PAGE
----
Evaluating Theoretical Models of Vibration Modes of Rockets in Flight


Vibrational modes affect the performance of rocket hardware, thus these modes need to be studied and thoroughly comprehended for safer and more effective flights. A 1971 NASA study concluded that the “vibration/acoustic launch environment [was] estimated to account for 30 to 60 percent of the first-day space failures". This study focuses on testing mathematical and experimental models to estimate the vibration frequencies of the rocket during flight and compare these models to real flight. The study of these frequency estimation methods provides valuable insight into processes that can be used to model the vibration frequency of rockets during flight and the accuracy of the model.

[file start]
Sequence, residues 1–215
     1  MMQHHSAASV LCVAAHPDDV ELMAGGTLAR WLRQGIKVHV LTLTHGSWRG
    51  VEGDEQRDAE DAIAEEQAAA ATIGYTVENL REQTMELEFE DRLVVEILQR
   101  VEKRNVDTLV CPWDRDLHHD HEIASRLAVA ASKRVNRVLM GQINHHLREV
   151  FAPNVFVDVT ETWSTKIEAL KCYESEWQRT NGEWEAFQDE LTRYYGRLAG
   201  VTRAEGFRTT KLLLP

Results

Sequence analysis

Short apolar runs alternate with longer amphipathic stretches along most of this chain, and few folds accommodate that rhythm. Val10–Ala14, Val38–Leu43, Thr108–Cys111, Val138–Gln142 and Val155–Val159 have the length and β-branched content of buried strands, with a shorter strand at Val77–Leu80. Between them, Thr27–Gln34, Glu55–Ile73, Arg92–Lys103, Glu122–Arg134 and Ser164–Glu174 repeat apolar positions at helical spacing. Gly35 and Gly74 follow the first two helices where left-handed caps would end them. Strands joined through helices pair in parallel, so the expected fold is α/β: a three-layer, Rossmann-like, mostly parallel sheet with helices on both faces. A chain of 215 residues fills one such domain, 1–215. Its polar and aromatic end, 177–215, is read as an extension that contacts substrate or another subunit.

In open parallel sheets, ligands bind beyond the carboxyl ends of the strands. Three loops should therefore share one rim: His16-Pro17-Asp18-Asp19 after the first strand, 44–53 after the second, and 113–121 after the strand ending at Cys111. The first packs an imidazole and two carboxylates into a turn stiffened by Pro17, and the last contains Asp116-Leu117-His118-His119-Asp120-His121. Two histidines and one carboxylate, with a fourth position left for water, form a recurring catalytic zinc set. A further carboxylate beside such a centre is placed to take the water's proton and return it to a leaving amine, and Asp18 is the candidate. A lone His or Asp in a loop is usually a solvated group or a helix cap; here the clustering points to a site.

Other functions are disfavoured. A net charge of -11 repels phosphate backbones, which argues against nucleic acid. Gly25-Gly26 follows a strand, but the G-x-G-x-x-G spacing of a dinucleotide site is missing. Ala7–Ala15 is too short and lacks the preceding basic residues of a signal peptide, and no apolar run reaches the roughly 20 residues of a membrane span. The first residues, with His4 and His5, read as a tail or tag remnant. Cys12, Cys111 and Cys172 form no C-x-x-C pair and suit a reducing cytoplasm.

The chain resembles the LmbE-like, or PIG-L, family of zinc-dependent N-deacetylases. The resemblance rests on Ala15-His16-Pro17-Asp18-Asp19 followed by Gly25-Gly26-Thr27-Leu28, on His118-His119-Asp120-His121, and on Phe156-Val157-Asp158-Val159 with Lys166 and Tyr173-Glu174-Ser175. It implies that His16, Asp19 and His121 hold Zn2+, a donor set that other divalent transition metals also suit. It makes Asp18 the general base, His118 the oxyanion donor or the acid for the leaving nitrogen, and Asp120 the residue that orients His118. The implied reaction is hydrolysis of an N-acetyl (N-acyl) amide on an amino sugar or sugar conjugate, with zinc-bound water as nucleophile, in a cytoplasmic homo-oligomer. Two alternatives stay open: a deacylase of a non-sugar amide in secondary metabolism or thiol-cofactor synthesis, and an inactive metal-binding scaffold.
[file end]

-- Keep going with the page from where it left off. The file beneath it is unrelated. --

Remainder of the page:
The modelling portion of this project required the creation of a simplified analytical model and a finite element analysis of the rockets bending modes. The experimental component of this project required the choice of sensors, development of circuits, and data analysis. Sensors used include strain gauges, piezoelectric vibration sensors, and a 6-DOF IMU.

This project is a final, group project completed for an Experimental Engineering course at Harvey Mudd College. Collaborators on this project are Huting Lin, Andrea Lupini, and Lydia Scharff.

Technical Report

A full technical report for the project is shown below.

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